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ELECTRIC & HYBRID CARS THAT GENERATE REVENUE

This article is from our archives and has not been updated and integrated with our "new" site yet... Even so, it's still awesome - so keep reading!

Published on Sat, Aug 28, 2004

By: The LACar Editorial Staff

Move over, Prius. Make way for V2G.

ELECTRIC & HYBRID CARS THAT GENERATE REVENUE

By ROY NAKANO

If you think buying a gas-electric hybrid car like the Toyota Prius or Honda Insight is the state-of-the-art in energy conservation, think again. Mark Clayton of The Christian Science Monitor reports that there's a California electric car company that has modified a Jetta so that it not only uses electricity but generates it for other purposes. Once it's parked, you can purportedly plug it in and sell excess electricity to a utility. It sounds like a great way to mitigate your car payments, but Clayton reports that neither big auto-makers nor utility companies have yet seized on the idea, known as "vehicle-to-grid," or V2G. Evidently, V2G is an idea waiting to happen - and the push toward hybrids today is making it ever more likely, say scientists, entrepreneurs, and economists. "As electric-drive hybrids begin to penetrate the auto market, you now have distributed power generation on wheels," says Stephen Letendre, an economist at Green Mountain College in Poultney, Vt. "You also have an asset that's sitting idle most of the time - just waiting to be connected." According to a 2001 study by AC Propulsion (the San Dimas, California company that created the V2G Jetta), if automakers were to make 1 million next-generation V2G vehicles by 2020, they could generate up to 10,000 megawatts of electricity - about the capacity of 20 average-size power plants.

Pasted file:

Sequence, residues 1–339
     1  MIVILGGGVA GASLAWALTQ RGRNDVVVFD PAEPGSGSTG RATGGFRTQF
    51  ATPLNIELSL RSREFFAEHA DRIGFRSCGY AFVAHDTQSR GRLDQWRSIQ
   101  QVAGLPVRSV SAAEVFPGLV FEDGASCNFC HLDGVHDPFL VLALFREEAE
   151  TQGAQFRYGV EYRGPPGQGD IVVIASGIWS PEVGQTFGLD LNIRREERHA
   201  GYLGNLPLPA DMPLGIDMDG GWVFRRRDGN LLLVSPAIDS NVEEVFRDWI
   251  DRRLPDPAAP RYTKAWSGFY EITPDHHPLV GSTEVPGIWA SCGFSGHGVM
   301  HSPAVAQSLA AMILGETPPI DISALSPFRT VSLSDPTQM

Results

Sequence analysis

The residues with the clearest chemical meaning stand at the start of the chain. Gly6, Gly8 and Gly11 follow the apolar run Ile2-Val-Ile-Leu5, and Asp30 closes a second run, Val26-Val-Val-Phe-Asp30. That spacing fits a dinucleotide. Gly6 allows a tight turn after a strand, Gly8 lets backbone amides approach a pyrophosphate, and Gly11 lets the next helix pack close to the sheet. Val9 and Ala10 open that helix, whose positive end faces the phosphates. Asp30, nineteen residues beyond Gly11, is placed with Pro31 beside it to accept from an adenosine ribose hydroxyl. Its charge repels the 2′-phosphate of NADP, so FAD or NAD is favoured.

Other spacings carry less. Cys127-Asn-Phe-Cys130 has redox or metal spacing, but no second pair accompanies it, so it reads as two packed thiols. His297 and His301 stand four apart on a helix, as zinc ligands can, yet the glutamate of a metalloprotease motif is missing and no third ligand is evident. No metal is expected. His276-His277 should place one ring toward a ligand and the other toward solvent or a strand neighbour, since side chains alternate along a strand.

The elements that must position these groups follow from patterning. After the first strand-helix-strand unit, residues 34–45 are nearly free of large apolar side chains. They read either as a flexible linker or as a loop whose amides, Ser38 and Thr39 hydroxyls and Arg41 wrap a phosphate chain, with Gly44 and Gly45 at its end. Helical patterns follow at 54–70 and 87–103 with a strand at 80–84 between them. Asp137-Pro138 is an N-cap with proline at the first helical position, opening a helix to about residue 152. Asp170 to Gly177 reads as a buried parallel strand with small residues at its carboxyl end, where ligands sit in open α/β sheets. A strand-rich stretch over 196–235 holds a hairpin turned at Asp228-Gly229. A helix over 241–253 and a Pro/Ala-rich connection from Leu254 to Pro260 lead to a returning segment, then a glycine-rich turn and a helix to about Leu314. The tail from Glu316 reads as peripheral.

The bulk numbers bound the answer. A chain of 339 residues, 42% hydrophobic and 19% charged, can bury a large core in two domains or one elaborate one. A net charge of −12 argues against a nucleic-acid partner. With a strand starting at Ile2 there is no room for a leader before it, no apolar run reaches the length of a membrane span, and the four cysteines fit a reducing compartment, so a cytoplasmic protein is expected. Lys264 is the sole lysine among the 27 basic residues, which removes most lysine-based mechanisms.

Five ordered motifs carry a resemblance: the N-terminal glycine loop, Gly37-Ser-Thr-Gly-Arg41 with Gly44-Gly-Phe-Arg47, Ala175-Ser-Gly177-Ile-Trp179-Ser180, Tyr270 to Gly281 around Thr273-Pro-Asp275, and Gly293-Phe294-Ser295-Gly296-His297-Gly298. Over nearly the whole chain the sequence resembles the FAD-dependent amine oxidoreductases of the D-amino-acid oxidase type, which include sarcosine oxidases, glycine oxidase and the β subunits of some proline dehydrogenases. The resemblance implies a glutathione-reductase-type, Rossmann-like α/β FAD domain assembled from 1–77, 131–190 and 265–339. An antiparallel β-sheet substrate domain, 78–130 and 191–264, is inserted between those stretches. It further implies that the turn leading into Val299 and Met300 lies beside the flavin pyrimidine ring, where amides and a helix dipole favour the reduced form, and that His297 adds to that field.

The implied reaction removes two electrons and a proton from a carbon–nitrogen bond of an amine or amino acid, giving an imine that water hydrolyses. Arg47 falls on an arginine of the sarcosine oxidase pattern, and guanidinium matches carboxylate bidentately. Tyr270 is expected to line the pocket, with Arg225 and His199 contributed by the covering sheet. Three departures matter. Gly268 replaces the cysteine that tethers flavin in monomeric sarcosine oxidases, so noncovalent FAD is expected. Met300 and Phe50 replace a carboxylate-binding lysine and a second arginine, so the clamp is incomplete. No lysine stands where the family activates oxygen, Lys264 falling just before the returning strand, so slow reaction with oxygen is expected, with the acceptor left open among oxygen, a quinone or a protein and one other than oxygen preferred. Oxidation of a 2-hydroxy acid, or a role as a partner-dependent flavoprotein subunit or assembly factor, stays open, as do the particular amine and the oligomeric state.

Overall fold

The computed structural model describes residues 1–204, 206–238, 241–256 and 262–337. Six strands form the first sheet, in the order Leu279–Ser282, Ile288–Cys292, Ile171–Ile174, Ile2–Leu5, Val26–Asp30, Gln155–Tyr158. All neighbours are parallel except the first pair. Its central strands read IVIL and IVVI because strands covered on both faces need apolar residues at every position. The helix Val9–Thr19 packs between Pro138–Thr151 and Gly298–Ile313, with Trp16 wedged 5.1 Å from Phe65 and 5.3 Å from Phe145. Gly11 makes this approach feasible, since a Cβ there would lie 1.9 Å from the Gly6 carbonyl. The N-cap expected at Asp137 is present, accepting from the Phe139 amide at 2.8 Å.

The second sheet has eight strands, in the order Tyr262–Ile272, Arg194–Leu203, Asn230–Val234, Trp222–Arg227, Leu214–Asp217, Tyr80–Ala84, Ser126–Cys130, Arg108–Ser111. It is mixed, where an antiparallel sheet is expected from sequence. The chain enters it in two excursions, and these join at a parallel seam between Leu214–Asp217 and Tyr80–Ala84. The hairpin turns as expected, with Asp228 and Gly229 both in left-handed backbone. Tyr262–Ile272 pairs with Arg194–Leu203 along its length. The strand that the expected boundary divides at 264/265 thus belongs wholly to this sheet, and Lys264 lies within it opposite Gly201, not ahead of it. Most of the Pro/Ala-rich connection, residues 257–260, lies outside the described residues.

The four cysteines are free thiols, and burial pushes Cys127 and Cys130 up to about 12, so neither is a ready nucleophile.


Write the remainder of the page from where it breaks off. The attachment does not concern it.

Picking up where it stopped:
What's the likelihood of V2G catching on? According to Clayton, a V2G fuel-cell bus in Toronto will be in service in March. Power company PG&E is working with the electric industry's research arm and a contractor to develop a fleet of V2G "trouble trucks" that could generate and deliver power to entire neighborhoods when a storm knocks out power. DaimlerChrysler has reported it is working on a version of its popular pickup truck with V2G capability for supplying power at a work site. AC Propulsion has plans to make as many as 1,000 V2G electric-drive vehicles starting as soon as next year.

Wide use of V2G electric-drive vehicles could generate enough power to cut the requirement for central generating station capacity by as much as 20 percent by the year 2050, according to the Electric Power Research Institute, a utility industry research center in Palo Alto, California. "Today's Toyota Prius battery pack is too small to make it a viable V2G option," says V2G pioneer Willett Kempton. He estimates it would add roughly $400 to a car's overall cost. "In the long run, fuel-cell cars will far exceed hybrids in their electric generating potential."

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